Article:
Emerald Group Publishing Limited
Copyright © 2008, Emerald Group Publishing Limited
Europe takes aim at major metabolic disease with systems biology
Article Type: Food facts From: Nutrition
A major European initiative against major metabolic disorders such as obesity is to be launched at the EuroBioForum conference at Lisbon in December 2007. The aim is to revolutionise the way medical research is conducted by taking an engineering-led approach under the umbrella of systems biology, in which rigorous mathematical models are derived from experimental data and used to make predictions, about disease for example, that can be tested and then refined. Ultimately such methods will be applied to all major problems in biology, but for the upcoming EuroBioForum, the focus will be one field, metabolic syndrome, as a proving ground for the new approach, according to Professor Roel van Driel, proposer of the systems biology to combat metabolic syndrome (SBMS) initiative. The SBMS plan is to establish a coordinated 175 million ten year European programme with the ultimate ambition of developing effective therapies, including diet and lifestyle as well as drugs, that both reduce the risk of acquiring metabolic syndrome conditions, and bring significant relief for existing sufferers. Metabolic syndrome embraces a range of serious inter-related conditions including obesity and diabetes. The programme would adopt an engineering-led data-driven approach to systematically unravel the combined molecular, cellular, and organismal basis of the individual metabolic syndrome components, according to van Driel. These components include insulin resistance, associated with Type II diabetes, the most common form of diabetes in the western word; weight gain; glucose intolerance; high blood pressure; and high blood cholesterol (dyslipedemia), which can cause atherosclerosis, a disease of the blood vessels.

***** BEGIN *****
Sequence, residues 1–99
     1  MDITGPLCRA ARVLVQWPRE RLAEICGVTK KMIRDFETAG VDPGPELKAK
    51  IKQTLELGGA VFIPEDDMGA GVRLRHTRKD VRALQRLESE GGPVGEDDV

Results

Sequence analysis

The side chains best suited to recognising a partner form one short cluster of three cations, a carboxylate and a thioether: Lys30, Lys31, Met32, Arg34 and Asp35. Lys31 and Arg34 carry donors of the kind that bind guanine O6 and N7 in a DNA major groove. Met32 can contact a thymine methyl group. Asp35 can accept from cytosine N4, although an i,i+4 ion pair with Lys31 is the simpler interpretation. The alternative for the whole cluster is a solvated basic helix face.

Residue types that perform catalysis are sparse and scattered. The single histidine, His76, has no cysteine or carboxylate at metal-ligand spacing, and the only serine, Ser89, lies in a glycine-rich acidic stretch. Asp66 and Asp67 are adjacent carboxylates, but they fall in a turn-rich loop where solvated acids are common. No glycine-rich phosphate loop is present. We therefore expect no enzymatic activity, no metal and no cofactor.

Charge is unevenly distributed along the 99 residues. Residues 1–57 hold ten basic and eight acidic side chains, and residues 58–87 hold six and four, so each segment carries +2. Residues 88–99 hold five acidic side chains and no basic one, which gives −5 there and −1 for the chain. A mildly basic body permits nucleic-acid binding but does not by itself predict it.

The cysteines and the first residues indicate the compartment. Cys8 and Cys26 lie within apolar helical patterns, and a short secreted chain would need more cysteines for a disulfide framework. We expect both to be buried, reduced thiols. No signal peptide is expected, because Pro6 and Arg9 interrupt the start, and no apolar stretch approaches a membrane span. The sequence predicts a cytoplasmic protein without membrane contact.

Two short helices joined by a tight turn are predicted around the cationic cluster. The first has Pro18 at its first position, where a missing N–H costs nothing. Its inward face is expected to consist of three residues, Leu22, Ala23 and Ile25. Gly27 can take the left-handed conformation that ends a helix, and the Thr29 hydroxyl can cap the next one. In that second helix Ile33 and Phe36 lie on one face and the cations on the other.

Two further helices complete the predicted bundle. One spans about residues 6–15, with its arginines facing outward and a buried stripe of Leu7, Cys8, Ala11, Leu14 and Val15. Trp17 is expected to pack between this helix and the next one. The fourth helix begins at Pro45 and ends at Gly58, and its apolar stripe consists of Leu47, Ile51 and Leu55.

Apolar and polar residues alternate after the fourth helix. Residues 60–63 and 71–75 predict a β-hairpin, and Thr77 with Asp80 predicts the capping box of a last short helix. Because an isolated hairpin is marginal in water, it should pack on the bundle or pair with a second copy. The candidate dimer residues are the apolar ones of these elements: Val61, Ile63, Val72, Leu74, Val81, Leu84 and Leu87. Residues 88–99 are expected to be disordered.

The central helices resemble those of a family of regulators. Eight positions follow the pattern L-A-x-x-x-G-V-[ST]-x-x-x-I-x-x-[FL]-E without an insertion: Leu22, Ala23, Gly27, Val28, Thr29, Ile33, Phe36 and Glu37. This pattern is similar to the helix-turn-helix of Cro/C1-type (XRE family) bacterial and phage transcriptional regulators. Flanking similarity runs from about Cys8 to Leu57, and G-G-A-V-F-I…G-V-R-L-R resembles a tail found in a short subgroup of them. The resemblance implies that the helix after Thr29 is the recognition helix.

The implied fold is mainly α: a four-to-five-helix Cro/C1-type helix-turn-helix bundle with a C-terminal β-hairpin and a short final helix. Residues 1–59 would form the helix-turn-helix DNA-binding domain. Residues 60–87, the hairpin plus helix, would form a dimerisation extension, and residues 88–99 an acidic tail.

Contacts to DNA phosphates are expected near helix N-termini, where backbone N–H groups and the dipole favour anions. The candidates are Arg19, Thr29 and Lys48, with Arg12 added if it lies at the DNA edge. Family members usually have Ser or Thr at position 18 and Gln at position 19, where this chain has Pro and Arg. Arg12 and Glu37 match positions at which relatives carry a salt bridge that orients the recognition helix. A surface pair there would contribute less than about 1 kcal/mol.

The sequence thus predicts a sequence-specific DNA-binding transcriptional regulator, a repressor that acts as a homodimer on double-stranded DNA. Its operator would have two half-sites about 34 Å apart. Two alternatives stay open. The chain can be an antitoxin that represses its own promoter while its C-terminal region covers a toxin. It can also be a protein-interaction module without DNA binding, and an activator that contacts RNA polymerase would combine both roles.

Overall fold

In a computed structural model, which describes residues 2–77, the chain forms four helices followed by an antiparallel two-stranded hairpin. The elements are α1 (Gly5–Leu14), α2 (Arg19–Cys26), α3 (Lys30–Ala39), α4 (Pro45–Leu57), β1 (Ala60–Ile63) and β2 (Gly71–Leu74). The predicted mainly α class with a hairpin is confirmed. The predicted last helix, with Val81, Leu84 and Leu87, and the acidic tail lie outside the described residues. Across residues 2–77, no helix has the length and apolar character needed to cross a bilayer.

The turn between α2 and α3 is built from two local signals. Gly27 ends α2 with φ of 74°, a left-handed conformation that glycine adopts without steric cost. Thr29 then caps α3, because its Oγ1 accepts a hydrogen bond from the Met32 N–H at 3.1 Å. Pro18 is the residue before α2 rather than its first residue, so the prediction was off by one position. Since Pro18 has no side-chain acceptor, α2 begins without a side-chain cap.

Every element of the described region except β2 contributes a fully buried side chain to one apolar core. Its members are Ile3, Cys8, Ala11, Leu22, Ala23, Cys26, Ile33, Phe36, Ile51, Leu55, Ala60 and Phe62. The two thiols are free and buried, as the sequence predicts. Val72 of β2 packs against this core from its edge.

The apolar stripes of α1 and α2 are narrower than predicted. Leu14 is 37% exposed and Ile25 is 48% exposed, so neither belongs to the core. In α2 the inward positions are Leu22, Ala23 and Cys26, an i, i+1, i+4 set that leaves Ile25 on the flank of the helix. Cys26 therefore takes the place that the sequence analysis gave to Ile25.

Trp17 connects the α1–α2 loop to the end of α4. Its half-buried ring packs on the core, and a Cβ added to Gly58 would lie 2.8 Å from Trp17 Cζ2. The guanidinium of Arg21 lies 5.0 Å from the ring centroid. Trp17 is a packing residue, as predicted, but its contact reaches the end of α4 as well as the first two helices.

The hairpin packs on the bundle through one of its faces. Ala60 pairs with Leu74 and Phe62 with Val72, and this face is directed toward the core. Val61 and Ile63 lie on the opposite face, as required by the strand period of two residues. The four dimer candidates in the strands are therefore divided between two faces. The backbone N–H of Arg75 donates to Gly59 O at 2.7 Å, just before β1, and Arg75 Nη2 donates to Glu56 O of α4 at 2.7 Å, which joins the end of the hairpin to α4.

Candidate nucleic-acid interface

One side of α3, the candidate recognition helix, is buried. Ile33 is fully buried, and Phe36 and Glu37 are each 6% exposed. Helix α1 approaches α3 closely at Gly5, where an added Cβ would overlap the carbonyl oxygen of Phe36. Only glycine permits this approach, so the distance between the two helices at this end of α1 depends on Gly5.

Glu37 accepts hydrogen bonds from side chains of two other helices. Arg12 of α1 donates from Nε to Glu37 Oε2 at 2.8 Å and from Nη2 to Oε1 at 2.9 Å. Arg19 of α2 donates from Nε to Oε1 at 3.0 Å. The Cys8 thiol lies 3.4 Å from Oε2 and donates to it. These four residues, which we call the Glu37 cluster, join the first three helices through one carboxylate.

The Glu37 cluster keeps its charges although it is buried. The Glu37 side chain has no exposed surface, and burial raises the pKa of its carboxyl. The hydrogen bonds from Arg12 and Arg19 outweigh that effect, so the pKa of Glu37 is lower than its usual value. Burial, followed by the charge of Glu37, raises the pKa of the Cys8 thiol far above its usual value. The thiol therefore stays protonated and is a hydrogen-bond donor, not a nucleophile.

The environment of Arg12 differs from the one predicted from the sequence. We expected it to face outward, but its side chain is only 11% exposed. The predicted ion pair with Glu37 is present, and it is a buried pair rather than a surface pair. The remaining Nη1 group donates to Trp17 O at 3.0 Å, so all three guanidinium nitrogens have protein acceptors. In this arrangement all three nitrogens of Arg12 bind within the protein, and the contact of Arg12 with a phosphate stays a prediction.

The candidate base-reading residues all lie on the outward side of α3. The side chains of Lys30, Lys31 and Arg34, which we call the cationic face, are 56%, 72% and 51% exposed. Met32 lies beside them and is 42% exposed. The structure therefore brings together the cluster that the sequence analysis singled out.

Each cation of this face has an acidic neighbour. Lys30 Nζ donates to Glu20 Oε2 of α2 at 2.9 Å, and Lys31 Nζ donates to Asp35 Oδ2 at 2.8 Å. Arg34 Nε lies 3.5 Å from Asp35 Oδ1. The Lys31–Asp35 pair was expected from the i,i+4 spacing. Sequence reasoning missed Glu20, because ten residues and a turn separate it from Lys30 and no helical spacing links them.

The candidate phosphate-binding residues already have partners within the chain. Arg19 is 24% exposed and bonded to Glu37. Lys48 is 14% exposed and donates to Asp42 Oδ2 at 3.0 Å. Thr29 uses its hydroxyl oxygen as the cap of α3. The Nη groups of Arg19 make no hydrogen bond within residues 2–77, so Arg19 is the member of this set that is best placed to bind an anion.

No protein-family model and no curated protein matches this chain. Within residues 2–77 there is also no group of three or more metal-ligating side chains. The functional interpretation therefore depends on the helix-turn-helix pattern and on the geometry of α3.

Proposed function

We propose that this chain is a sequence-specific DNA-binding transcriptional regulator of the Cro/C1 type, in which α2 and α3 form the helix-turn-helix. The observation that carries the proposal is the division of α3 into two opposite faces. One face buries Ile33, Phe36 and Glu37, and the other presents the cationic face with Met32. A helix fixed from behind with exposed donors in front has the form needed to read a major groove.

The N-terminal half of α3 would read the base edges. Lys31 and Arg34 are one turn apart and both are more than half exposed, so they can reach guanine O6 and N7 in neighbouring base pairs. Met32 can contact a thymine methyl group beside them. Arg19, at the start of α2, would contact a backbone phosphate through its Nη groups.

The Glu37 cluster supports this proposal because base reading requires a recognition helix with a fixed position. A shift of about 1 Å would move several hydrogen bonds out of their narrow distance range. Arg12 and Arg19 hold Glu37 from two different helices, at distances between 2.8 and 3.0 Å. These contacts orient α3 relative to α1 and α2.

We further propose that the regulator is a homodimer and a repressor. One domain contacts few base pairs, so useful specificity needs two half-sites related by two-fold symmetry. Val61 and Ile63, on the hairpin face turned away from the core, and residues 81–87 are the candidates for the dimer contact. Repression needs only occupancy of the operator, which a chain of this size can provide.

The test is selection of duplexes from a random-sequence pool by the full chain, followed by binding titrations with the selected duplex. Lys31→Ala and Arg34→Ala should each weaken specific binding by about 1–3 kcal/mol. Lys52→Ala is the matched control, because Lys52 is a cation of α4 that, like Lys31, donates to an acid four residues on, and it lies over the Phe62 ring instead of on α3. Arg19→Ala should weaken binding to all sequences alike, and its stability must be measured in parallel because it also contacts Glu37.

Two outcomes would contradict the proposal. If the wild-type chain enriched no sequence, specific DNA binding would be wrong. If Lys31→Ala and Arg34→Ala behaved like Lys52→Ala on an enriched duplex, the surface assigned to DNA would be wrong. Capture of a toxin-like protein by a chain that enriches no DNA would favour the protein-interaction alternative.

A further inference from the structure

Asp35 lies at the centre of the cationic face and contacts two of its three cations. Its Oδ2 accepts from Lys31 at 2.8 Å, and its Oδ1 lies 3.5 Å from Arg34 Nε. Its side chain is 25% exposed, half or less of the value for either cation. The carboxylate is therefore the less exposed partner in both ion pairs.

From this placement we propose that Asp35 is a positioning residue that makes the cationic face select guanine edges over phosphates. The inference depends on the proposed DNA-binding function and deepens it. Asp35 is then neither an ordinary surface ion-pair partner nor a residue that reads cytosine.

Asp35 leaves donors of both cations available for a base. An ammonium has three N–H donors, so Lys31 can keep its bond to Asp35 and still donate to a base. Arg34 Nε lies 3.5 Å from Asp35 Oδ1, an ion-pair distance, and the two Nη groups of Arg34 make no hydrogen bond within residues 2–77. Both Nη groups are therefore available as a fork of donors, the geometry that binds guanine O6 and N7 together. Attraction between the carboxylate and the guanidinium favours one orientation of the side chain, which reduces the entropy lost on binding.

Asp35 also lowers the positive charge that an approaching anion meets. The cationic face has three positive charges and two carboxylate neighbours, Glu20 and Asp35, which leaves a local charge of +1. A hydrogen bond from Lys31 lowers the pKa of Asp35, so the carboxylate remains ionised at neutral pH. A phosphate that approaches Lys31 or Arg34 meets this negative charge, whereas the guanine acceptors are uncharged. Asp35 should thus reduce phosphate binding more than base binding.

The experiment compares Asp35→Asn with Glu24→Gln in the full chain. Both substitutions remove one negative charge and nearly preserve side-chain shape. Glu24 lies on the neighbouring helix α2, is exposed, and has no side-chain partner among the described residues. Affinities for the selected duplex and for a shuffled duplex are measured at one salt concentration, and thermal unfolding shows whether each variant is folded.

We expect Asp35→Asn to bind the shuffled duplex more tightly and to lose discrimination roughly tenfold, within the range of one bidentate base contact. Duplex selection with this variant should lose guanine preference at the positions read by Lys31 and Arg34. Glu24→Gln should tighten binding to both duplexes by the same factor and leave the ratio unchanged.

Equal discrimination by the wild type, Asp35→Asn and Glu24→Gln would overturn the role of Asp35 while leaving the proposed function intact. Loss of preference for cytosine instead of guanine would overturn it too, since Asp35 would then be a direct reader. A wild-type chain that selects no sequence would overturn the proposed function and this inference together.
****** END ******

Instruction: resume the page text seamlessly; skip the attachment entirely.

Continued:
The radical departure of SBMS from the traditional ad hoc approach to medical research was motivated by a growing appreciation of how complex all important biological problems are, according to van Driel. This realisation has developed since completion of major genome sequencing projects, which created huge amounts of data, but as yet little more understanding of how biology works at a fundamental level. The key to success of SBMS will lie in creating a coordinated framework of world class projects. Some of these will draw from existing national and Europe-wide programmes that are concentrating at present on specific aspects of metabolic syndrome. "We will select those that are fit for a systems biology approach and create a strong and well-focused consortium of European research groups", said van Driel, who conceded that this was far from trivial.